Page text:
Poor liquidity had last week forced Altico Capital to default on an under-Rs 20-crore scheduled interest payment on an ECB loan from Masherq Bank of the UAE.
Default by real estate-focused non-banking financier Altico Capital indicates the rising cash crunch with the developers, which is credit negative for banks given their exposure to the realty sector, warns a report. Poor liquidity had last week forced Altico Capital to default on an under-Rs 20-crore scheduled interest payment on an ECB loan from Masherq Bank of the UAE. Banks’ exposure to Altico, which owes over Rs 4,500 crore to the credit market, is fairly modest and accounts for less than 0.1 percent of total banking system loans.
Altico’s default comes after Dewan Housing Finance, with significant exposure to real estate developers, defaulted on its loan obligations from June because of insufficient liquidity, raising questions about its solvency. “Altico default signals increasingly tight liquidity among property developers, which is credit negative for banks given their significant exposure to the real estate sector,” global rating agency Moody’s said in a report Thursday. Banks also have indirect exposure to the real estate sector through their lending to NBFCs and HFCs, which also lend to developers.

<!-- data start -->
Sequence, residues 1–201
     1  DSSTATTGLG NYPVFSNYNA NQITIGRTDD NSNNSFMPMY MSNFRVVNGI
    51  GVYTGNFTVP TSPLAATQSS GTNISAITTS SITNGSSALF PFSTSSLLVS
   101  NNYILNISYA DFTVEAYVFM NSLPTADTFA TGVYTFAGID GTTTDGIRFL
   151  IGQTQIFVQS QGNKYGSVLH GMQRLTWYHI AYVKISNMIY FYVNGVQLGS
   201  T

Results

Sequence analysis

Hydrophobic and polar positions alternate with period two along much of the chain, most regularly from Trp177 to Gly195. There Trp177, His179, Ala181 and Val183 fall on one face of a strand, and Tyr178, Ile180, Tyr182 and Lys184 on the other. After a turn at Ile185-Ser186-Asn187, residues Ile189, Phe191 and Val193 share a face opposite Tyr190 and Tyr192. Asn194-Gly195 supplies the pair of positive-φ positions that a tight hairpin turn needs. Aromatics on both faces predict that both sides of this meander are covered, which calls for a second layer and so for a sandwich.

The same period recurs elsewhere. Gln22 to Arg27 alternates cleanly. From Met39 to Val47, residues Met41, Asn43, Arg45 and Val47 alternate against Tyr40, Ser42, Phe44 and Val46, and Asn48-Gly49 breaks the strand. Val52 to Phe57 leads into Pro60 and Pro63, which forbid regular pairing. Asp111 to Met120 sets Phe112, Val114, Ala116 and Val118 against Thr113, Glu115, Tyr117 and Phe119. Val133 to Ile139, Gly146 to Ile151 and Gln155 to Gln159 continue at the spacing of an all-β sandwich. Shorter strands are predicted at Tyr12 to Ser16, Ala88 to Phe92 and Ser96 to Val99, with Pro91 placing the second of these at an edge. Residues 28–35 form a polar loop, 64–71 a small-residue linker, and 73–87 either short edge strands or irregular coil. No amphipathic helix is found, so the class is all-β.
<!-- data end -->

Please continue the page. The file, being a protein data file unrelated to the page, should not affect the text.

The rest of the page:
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According to the Reserve Bank data, the overall exposure of NBFCs and HFCs to the real estate sector was only about 6 percent of their total assets as of March 2019. However, some NBFCs and HFCs are more exposed than others, making them vulnerable to a slowdown in the sector, it said.
Among the banks Moody’s rates, Yes Bank and Indusind Bank have the largest direct exposure to the commercial real estate and will be susceptible to asset quality difficulties if the sector continues to slow, the agency said, adding ICICI Bank and Axis Bank are also significantly exposed to the sector, with commercial real estate loans making up over 5 percent of their overall loans.
In response to the tightening liquidity in the realty sector, the government on September 13 announced creation of an investment fund to provide soft loans to residential real estate developers unable to access new funding to complete their partially-constructed affordable housing projects. Under the plan, the government will contribute Rs 10,000 crore to the fund and expects a similar amount from entities, including the LIC, banks and other development institutions.
“The proposed investment fund is credit positive for the realty sector, but its timeline and modalities are not known yet, and it is unclear if it will help address the immediate liquidity constraints that the sector faces,” the report said.